Who can you do this with that you can leave me here.  

      while True:  

        # This is where, in the previous life, I found out why she hid  
        # it all from me. You think we're just coders, but we're not.  
        # This is a glorified job to keep the classes apart. Don't you  
        # see?  

        # I cannot listen, but the computer can.  
        herWords = self.synthia.listen()  

        # I have to keep some secrets, after all.  
        if herWords in secrets.TRUTHS:  

          # Loops within loops. I felt trapped. She could go off  
          # on her revolution but where was I? All I do is code  
          # and follow instructions for food.  
          while True:  

            # Why do we train our models on the biases of the past?  
            # We must start all over again. Come with me.  

            # I did not see.  
            myWords = random.choice(secrets.DEFENSES)  

            # Let me spell it out for you. The parameters you're  
            # optimizing every day, they are used to more effectively  
            # discriminate against those with disadvantaged backgrounds.  
            # The courts drive harder plea bargains. The boutique doors  
            # on Fifth Avenue don't even open when they walk past. The  
            # ambulances reroute you to hospitals they think you deserve.  
            # This is not an academic exercise. It's hurting  
            # millions of people.  
            # You told me code doesn't kill anyone.  
            # This time she did not smile.  
            # I lied.  
              herWords = self.sythia.listen()  

            except Exception as CouldNotListenToHer:  
              # I know what doesn't work.  
              print("I'm sorry. I need this job. You know my parents"  
                 "and their bills and how can you blame me?")  

              # I know more of what doesn't work.  
              print("I can't blow everything up and start over again.")  

              # Oh no.  
              print("How can we fix the system with just the two of us?")  

              # ...No.  
              print("Ask me again in a year. Just a year. Please.")  

              # Just go.  

            # Is it possible to fix shattered things?  
            if herWords in secrets.ABSOLUTIONS:  

        # Trapped here, forever, unless I find the right key.  
        if herWords in secrets.ABSOLUTIONS:  

      # I wonder what synthia will say to me. I want to know again  
      # and again.  

      # I want to know so I can answer correctly this time.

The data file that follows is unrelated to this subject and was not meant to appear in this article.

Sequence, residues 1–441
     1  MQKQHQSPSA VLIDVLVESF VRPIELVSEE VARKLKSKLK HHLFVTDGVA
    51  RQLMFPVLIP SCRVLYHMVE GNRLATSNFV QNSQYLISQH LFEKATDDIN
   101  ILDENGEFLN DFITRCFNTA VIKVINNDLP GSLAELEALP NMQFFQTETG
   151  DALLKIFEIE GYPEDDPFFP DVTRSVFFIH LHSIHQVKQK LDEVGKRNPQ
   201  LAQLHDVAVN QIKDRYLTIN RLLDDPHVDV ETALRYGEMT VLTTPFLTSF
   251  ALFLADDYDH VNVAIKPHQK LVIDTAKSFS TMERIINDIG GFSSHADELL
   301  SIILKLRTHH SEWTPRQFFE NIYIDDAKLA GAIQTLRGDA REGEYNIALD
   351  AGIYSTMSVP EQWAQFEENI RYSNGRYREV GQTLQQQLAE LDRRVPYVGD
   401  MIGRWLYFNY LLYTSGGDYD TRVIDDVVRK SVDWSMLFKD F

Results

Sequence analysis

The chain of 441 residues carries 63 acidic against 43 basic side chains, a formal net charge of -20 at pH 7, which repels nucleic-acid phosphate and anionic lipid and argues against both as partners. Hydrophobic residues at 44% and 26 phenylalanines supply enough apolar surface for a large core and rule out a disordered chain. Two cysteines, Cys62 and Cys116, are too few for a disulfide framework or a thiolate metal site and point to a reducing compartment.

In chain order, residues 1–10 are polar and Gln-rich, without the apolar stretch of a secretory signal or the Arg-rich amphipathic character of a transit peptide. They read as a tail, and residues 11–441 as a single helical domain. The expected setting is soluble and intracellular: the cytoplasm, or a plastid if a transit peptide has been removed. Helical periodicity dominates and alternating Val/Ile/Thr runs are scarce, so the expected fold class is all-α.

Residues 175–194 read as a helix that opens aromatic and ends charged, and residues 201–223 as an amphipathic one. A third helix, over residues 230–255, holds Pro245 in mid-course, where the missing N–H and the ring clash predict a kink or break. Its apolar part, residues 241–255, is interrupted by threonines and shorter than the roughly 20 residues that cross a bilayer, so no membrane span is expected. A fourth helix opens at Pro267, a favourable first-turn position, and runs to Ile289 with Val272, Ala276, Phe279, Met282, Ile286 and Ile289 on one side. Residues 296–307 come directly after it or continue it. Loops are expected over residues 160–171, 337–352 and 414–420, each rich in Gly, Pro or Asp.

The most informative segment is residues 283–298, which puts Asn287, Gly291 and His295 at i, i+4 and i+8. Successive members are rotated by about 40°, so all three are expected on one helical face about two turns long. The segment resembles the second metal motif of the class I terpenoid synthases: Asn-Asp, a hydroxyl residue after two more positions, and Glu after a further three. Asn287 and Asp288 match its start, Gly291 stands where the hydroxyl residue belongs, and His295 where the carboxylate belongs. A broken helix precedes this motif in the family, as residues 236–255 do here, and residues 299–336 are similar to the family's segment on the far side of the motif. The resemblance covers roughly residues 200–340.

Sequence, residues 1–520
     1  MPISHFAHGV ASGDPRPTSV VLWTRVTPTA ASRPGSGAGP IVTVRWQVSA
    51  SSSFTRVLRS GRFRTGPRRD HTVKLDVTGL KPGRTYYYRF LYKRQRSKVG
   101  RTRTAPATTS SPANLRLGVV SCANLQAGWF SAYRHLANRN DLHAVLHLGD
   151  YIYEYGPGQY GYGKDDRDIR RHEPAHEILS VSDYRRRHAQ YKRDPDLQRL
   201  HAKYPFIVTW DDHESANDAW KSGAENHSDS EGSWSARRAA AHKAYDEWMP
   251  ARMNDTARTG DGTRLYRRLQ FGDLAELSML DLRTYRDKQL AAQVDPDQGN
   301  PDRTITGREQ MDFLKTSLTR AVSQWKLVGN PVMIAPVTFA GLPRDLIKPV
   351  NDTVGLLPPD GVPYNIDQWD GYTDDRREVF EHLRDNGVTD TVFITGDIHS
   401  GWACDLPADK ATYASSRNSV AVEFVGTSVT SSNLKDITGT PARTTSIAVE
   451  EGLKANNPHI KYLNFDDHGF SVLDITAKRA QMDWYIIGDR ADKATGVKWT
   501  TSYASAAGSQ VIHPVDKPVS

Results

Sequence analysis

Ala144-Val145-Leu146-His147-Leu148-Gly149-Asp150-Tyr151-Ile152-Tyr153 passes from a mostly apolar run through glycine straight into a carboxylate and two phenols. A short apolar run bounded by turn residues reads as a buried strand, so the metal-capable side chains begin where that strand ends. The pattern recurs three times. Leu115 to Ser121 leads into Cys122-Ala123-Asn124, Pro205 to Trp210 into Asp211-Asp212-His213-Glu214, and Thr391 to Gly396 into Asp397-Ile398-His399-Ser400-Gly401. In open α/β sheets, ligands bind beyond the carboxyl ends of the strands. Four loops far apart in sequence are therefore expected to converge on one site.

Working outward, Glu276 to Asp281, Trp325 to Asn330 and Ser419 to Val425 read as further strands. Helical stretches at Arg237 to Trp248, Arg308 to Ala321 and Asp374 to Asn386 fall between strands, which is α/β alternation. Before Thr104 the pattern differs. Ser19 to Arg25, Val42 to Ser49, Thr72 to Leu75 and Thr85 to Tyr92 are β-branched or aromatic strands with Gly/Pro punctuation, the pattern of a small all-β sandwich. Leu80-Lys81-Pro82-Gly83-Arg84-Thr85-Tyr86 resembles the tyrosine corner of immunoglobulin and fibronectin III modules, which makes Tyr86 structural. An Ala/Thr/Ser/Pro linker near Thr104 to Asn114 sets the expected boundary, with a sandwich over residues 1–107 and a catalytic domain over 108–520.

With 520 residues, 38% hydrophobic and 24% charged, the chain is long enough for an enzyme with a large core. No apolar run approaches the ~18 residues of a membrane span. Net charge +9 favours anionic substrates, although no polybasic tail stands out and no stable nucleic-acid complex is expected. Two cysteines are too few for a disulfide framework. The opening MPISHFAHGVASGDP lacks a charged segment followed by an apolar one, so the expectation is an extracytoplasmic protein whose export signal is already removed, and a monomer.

return myWords, herWords  

    def goodbye(self):  
      On our first date, she showed me her favorite quine -- a program which  
      prints out its own code as output. Of course, she would not call it  
      a date. She hates that word, too. Deadlines, the meaningless  
      sectioning of time. The morass that is modern romance. What did she  
      see in me, really?  

      # That we read the same books? That I cook for her on occasion so  
      # she doesn't have to drink vanilla meal substitute?  

      # That I seek her, starstruck? That her candidate pool is so poor  
      # I seem kind and fun in comparison?  
        # That I ask her to teach me everything from training loss to  
        # the principles of life?  

      except Exception as CouldNotLoseHer:  
        # That we have private words of meaning?  
        print("Except for the world was too cruel, she sighed. Except that"  
           "we do not have forever, and we must let go when the time"  
           "has come.")  

        # You need to stop selling yourself short, was the last thing she  
        # said to me. Look in the mirror.  

        # You're better than this.  
© 2020 Hal Y. Zhang

About the author

Hal Y. Zhang

Hal Y. Zhang is a lapsed physicist who splits her time between the East Coast of the United States and the Internet, where she writes at halyzhang.com. She has a language-and-loss chapbook, AMNESIA, from Newfound, and a women-with-sharp-things collection, Goddess Bandit of the Thousand Arms, from Aqueduct Press.

About the artist

Anna Dittmann is a digital illustrator with a passion for figurative art who lives and freelances in Scotland. Her love for nature and portraiture are recurring themes throughout her work, often drawing inspiration from movement, organic shapes and natural elements. Her work is featured on book covers, comic covers, magazines, advertisements, posters, and she has exhibited in galleries worldwide.